By John Gruber
Halfway through his otherwise excellent piece today for The New York Times on the introduction of the original iPhone in 2007, Fred Vogelstein interrupts the narrative to insert a cookie-cutter bit about Apple being lost without Steve Jobs at the helm. It includes this:
When Jobs ran Apple, the company was an innovation machine, churning out revolutionary products every three to five years. He told his biographer, Walter Isaacson, that he had another breakthrough coming — a revolution in TV. But under Cook, nothing has materialized, and the lack of confidence among investors is palpable. Apple product announcements used to routinely send its stock soaring. When Cook presented the latest smartphones in September, the iPhone 5c and the iPhone 5s, Apple’s stock fell 10 percent.
Leave aside for now the fact that Tim Cook has been CEO for only two years and that Vogelstein himself acknowledges that under Jobs, the revolutionary products came “every three to five years”. The stuff about the stock price is just nonsense — Apple’s stock price routinely fell after products announcements by Steve Jobs. For all the lip service paid to “innovation”, Wall Street tends to be conservative, rewarding the conventional and punishing the unconventional.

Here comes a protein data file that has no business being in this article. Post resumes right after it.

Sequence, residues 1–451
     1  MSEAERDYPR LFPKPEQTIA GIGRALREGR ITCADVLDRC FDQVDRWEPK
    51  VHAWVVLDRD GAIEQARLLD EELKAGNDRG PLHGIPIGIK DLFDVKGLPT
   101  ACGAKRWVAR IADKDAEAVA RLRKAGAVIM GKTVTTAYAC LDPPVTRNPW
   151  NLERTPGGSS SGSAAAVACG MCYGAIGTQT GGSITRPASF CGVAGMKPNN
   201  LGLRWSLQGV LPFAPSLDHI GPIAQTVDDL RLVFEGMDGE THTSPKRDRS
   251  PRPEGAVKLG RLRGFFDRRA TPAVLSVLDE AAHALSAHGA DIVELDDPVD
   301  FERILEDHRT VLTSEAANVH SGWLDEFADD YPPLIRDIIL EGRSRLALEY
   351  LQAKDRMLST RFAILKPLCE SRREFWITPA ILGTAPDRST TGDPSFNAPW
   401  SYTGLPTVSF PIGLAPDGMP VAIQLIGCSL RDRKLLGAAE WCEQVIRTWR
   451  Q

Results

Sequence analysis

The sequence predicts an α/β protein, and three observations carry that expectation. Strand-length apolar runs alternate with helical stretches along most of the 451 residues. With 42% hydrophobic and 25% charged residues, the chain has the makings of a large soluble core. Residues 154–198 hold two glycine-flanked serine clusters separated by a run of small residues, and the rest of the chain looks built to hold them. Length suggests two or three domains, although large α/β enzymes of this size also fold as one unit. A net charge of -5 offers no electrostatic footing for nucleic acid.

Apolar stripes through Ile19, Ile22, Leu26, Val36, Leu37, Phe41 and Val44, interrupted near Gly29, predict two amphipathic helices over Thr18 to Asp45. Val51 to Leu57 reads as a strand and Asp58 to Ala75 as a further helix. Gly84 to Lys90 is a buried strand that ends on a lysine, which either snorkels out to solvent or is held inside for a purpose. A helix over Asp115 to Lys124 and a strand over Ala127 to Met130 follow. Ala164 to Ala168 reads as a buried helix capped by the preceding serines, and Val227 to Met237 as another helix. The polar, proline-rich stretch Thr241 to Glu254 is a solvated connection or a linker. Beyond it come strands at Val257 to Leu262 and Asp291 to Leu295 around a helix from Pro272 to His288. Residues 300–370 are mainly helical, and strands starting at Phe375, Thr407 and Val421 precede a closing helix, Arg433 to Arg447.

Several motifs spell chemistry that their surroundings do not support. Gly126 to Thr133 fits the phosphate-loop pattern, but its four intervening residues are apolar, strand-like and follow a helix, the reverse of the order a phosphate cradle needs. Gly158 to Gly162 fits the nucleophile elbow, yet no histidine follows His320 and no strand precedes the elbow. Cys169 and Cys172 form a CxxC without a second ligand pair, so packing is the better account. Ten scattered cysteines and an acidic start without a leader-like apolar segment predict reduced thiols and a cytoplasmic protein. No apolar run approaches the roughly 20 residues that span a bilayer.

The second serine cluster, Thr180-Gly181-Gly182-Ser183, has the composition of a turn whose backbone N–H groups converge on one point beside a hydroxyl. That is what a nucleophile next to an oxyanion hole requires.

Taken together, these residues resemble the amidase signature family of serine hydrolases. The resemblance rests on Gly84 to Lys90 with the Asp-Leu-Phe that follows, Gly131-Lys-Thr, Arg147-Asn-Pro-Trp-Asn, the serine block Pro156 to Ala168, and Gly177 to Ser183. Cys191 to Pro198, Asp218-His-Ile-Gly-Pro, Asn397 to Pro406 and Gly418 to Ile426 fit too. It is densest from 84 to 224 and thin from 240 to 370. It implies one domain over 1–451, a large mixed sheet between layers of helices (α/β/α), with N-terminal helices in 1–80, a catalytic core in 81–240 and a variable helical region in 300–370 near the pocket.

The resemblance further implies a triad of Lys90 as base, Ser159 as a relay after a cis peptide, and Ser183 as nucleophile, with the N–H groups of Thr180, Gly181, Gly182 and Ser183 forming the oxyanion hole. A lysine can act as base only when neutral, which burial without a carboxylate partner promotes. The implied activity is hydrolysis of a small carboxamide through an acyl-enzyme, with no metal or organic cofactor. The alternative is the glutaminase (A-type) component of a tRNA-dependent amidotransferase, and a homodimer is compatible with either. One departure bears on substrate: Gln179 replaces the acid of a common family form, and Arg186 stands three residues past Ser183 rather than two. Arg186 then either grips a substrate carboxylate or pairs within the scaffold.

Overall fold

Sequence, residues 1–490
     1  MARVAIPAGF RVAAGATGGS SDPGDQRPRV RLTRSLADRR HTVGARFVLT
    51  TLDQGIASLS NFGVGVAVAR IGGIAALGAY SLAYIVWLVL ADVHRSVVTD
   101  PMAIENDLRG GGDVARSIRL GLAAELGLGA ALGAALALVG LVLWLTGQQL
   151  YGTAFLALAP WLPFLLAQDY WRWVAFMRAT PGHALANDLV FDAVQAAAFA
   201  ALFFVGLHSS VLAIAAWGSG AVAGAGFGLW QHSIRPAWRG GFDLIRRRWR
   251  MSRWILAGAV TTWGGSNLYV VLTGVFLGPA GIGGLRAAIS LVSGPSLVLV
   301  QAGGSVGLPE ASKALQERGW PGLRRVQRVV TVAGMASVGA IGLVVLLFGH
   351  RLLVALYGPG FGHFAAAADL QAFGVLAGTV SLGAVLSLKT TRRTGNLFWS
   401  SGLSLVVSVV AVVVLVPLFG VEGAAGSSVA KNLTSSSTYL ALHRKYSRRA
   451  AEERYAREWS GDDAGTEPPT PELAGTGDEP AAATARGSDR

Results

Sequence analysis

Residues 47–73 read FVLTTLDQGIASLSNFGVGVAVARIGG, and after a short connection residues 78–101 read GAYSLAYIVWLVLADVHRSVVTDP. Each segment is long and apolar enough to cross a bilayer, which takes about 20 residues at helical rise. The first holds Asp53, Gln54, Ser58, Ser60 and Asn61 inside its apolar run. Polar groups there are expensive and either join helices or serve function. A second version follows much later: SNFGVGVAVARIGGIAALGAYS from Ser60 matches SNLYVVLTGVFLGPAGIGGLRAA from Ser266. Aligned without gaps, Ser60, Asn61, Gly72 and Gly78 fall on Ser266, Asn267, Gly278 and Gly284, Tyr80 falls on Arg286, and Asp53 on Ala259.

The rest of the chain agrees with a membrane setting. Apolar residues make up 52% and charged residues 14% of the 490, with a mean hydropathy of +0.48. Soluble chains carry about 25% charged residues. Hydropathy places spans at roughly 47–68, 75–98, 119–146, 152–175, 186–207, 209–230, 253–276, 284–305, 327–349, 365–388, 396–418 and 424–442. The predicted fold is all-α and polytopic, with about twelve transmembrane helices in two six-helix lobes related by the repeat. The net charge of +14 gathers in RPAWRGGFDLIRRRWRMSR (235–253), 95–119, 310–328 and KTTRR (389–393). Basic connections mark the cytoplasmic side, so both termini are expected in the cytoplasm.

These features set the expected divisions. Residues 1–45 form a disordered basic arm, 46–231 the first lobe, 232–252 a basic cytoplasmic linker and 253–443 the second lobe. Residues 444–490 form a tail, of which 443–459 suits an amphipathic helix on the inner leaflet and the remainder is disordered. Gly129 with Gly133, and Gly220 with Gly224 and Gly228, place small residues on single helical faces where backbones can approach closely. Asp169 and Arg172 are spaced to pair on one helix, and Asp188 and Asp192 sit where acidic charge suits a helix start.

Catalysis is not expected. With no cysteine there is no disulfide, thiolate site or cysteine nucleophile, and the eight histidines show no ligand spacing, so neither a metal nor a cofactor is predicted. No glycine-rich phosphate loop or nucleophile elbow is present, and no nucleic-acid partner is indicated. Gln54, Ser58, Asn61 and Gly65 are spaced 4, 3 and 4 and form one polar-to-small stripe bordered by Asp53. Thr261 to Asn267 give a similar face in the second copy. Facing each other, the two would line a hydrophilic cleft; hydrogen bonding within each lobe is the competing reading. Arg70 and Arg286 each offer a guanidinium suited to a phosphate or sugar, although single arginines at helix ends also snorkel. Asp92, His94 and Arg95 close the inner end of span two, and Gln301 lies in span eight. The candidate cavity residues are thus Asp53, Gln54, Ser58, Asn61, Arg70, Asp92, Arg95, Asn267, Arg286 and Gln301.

You can actually check these things. Stock prices and the dates of Steve Jobs’s product announcements are matters of fact:
23 October 2001, introduction of original iPod: AAPL fell about 5 percent.
7 January 2002, Macworld Expo keynote: AAPL fell 4 percent.
7 January 2003, Macworld Expo keynote: AAPL fell slightly.
6 January 2004, Macworld Expo keynote, introduction of iPod Mini: AAPL fell slightly.
11 January 2005, Macworld Expo keynote: AAPL fell over 6 percent.
10 January 2006, Macworld Expo keynote: AAPL rose over 6 percent.
9 January 2007, Macworld Expo keynote, introduction of the iPhone, now seen as the biggest and most important product introduction in Apple, and perhaps industry, history: AAPL rose over 8 percent.
15 January 2008, Macworld Expo keynote, introduction of MacBook Air: AAPL fell over 5 percent.
9 June 2008, WWDC keynote, introduction of iPhone 3G: AAPL fell 2 percent
27 January 2010, introduction of original iPad: AAPL was up slightly on the day, but then dropped and kept dropping for days.
7 June 2010, introduction of iPhone 4 (last phone introduced by Jobs): AAPL fell slightly, then dropped 3 percent the next day.
The 10 percent drop in Apple’s share price on the day of the 5S/5C introduction is certainly unusual, but everything about Apple’s share price the last few years has been unusual, particularly its volatility. Wall Street does not understand the iPhone. But it’s wrong, factually and provably wrong, to claim that “Apple product announcements used to routinely send its stock soaring.” If anything, the opposite has been true: Apple stock has routinely fallen after product announcements, including the entire final decade of Steve Jobs’s career.